I rarely advocate descents, but the way down Olivers Hill is one of the best short descents going around. It’s a fast & furious technical descent. What you’ll appreciate most are the views looking straight out onto Port Phillip Bay. A truly remarkable experience.
Olivers Hill Lookout
Olivers Hill offers one of Melbourne’s best lookouts which offers stunning views towards Melbourne across Port Phillip Bay. On a clear day you can see all around the bay. This is a great spot to chillax, take photos, or to eat some fish n’ chips. The best time to visit is just as the sun is setting.
At the base of Olivers Hill is a larger car park to the left of the Nepean Highway. This is also a great lookout, which you can walk around to the sea wall which was built in 1950. This wall was built in order to help stop the erosion of the hill.
On the left hand side of the Nepean Highway on the top of Olivers Hill
Short-term free parking available
What to expect
- Great photo opportunities
- Melbourne’s most stunning coastal views by bike
- A challenging climb
- Fantastic opportunity to have a pissing contest with your mates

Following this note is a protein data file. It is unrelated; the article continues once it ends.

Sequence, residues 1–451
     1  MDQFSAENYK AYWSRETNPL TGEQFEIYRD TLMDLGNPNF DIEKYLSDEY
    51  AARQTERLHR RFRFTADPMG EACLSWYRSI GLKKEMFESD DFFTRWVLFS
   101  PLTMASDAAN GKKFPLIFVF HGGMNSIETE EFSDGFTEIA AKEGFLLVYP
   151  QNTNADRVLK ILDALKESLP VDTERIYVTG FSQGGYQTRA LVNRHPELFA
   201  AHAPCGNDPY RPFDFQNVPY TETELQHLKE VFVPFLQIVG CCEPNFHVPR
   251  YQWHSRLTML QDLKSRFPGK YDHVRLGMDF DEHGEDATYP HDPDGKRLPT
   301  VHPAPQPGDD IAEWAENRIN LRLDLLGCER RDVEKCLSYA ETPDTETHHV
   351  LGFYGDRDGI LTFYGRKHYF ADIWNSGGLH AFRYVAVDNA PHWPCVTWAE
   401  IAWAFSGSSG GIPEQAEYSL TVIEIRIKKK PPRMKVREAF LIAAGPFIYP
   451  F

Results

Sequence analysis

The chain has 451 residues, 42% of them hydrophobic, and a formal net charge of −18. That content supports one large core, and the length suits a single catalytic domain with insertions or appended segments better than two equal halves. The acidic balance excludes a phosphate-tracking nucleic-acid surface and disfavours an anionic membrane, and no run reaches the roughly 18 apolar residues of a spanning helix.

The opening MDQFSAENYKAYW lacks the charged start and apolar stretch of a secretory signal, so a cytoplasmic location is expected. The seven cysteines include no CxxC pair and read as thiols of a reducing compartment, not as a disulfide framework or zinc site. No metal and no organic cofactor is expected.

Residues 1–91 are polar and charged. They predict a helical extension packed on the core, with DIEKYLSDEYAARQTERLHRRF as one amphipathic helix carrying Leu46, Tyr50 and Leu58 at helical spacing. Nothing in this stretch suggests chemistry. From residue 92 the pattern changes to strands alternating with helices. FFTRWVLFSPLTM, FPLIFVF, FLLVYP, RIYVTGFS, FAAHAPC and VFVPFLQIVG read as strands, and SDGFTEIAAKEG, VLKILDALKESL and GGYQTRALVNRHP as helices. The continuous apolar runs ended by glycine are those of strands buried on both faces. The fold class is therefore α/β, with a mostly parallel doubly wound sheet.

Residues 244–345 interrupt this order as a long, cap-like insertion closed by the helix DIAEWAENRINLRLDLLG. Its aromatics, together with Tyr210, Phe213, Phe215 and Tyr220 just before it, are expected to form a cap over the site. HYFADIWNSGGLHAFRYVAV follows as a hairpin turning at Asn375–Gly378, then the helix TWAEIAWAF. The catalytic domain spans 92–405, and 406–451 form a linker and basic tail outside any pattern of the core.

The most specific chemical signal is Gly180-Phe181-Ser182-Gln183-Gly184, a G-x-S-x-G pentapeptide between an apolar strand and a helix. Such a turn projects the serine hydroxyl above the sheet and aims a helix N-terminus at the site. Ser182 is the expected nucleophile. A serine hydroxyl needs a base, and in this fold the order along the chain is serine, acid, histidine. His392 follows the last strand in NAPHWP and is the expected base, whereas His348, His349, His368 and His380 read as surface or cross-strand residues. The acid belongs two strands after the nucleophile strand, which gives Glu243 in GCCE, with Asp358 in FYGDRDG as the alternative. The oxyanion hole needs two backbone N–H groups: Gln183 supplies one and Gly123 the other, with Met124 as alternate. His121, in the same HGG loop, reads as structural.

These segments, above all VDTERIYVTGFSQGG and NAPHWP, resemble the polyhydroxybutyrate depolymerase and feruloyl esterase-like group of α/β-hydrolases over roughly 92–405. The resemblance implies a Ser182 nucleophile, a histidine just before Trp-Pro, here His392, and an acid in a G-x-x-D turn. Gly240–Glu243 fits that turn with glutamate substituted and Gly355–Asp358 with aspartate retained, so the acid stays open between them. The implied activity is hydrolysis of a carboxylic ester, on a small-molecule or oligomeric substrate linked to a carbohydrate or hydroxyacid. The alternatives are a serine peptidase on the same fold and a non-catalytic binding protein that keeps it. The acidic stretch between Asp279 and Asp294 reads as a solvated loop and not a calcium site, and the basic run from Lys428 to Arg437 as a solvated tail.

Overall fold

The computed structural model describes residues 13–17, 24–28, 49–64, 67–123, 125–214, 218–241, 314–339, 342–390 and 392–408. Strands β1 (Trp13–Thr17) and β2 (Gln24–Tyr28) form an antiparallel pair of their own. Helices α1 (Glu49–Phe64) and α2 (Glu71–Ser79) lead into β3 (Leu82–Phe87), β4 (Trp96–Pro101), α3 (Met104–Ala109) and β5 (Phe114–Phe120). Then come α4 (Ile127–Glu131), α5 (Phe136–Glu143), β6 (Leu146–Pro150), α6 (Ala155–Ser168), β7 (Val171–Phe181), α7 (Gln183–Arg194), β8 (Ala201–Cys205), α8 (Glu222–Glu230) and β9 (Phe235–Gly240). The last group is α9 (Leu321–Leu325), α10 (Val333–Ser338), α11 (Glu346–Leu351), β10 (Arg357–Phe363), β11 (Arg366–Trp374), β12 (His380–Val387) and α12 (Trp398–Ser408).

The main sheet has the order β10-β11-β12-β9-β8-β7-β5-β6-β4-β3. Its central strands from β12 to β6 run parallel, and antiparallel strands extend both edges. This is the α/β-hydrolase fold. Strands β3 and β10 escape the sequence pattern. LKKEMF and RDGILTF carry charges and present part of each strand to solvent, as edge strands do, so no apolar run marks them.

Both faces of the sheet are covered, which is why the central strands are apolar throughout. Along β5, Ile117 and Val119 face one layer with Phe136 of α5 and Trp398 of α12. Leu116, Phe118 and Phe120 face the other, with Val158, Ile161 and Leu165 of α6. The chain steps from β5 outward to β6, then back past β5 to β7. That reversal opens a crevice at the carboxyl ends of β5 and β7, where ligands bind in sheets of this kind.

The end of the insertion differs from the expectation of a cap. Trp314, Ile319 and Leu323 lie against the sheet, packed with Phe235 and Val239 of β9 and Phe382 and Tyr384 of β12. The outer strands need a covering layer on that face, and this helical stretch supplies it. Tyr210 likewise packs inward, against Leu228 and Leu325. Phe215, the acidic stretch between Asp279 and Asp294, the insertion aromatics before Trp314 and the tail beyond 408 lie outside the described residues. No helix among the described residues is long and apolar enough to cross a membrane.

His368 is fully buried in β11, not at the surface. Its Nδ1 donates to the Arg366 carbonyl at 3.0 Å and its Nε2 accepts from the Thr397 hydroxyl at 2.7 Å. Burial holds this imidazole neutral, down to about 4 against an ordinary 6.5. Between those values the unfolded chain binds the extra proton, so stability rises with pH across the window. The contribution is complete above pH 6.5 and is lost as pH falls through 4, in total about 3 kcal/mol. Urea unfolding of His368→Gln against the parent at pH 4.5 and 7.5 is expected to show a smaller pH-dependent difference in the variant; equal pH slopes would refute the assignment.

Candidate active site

How to get there
Olivers Hill is located on the Nepean Highway in Frankston and is approximately 56 km south-east of Melbourne.
Video by Jeremy Chen
A short ride from Olivers Hill is the Two Bays Road climb. Click here to find out more about this awesome climb.
Distance: 2 km
Elevation gain: 96 metres
Terrain: Mainly forest
Here is a link to the Strava segment here:
Two Bays Road is one of the Mornington Peninsula’s most popular climbs. It is commonly included as part of a Beach Road run. Whilst it isn’t overly long at 2 km in length. Two Bays Road has a fairly consistent gradient and is a really good climb to smash yourself on. Its also commonly used for interval training to do repeats on.
Two Bays Road climb
The first part of this climb takes you through the Mount Eliza regional park. This section offers some great scenery along the way. There are two very popular tourist destinations at the base of this climb. The Mornington Railway. This takes passengers on a heritage train ride between Moorooduc & Mornington. And adjoins the Moorooduc Quarry Flora and Fauna Reserve. Which covers approximately 27 hectares of land, and has some incredibly challenging walks.